When you work with a skilled mediator you are in control of the divorce process. Your mediator will guide you through the items you need to agree on and will help you draft an agreement that can then be entered into court with or without the help of an attorney. Mediation is great for couples with children since you will need to communicate with your ex-spouse on some level for the rest of your lives. You might as well learn those skills now. Mediation does not work for couples where there is a history of domestic violence or mental illness. Both parties must be able to self advocate.
Collaborative law is another option. You each hire attorneys who will bring in other professionals to work through issues. Examples are financial neutrals, mental health coaches and child specialists. Again, you are in control of the process, and are guided through decisions that need to be agreed on. Collaborative fellows are trained in mediation and are interested in guiding couples to the best possible outcome.
Litigation is what most people think of when they think about divorce. For some couples, it may be the only option if they can’t agree. Decisions are made by the attorneys and by the court. It is also a very public process. Court records are publicly available which is how we know so much about celebrity divorces.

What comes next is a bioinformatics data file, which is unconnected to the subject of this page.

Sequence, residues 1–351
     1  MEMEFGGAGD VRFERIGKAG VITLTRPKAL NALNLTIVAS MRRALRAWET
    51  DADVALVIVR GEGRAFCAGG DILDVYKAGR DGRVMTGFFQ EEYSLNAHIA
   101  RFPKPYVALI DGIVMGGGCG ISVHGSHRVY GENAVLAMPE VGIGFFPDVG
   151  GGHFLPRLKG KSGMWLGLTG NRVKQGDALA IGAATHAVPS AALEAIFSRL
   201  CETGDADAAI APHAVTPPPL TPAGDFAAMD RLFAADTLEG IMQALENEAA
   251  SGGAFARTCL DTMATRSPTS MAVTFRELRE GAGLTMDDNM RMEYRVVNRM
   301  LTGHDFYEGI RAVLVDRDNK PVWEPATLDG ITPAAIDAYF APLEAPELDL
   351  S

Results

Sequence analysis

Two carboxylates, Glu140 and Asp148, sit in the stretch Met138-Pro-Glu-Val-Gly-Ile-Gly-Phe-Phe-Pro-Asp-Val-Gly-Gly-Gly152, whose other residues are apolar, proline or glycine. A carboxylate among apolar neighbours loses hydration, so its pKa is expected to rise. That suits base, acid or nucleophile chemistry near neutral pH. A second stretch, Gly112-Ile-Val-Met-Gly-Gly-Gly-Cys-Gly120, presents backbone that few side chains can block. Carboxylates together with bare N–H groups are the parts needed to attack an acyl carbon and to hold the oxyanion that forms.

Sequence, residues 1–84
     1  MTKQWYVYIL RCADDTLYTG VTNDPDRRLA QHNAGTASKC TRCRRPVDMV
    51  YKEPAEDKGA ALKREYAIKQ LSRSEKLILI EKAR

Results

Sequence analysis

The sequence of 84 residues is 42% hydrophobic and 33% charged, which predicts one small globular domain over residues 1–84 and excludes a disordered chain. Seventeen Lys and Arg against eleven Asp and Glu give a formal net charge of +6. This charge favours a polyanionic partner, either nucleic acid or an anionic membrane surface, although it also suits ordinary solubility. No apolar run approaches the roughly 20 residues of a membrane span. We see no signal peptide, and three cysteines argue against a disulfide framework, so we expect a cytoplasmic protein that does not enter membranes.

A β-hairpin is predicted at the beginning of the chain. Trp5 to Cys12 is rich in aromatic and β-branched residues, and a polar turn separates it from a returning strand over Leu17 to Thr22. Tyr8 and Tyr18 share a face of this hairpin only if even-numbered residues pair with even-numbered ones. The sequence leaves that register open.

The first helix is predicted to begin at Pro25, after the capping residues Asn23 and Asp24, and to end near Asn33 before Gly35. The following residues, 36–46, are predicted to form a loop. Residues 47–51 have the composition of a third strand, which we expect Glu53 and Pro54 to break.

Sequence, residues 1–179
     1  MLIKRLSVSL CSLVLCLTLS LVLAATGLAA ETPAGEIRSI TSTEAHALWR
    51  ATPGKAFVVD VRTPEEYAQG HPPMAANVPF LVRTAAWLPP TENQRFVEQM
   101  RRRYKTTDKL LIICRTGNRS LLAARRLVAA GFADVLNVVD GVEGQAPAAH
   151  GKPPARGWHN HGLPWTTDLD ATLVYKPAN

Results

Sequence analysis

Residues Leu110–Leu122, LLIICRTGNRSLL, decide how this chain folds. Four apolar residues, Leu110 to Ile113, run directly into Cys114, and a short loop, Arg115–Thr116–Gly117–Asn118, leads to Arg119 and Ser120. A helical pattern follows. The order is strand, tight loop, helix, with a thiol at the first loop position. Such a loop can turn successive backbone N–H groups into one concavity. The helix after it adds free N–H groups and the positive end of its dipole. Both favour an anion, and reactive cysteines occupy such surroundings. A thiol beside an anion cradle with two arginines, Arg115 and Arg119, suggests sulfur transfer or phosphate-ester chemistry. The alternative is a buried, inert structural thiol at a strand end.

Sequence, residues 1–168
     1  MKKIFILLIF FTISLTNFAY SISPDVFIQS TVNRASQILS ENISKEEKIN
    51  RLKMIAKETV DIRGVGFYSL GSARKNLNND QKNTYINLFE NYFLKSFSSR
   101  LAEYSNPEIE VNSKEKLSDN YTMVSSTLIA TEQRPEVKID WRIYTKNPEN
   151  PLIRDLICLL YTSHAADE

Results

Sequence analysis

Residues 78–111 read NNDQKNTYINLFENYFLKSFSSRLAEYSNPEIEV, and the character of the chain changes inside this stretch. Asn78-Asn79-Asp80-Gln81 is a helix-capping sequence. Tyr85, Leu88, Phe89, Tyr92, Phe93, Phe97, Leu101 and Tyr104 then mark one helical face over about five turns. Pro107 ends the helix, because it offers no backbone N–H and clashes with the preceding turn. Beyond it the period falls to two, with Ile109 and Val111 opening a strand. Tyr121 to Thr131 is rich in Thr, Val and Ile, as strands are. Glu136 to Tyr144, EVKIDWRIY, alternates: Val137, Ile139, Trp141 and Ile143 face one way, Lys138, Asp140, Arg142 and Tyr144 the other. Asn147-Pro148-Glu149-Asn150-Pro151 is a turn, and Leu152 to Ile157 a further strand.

Your goals of getting through the process as quickly and inexpensively as possible do not align with the way attorneys are paid. There are plenty of very good family law attorneys, but you can’t control the type of attorney your spouse will hire. The process can get expensive, long, and exhausting very quickly. There are plenty of stories out there of couples spending hundreds of thousands of dollars fighting over items that are worth a fraction of that amount.
Attorneys are very good with the law, but they do not tend to be financial experts. If you have a complicated financial picture, you will probably need to rely on a financial professional to help sort out the issues and challenges.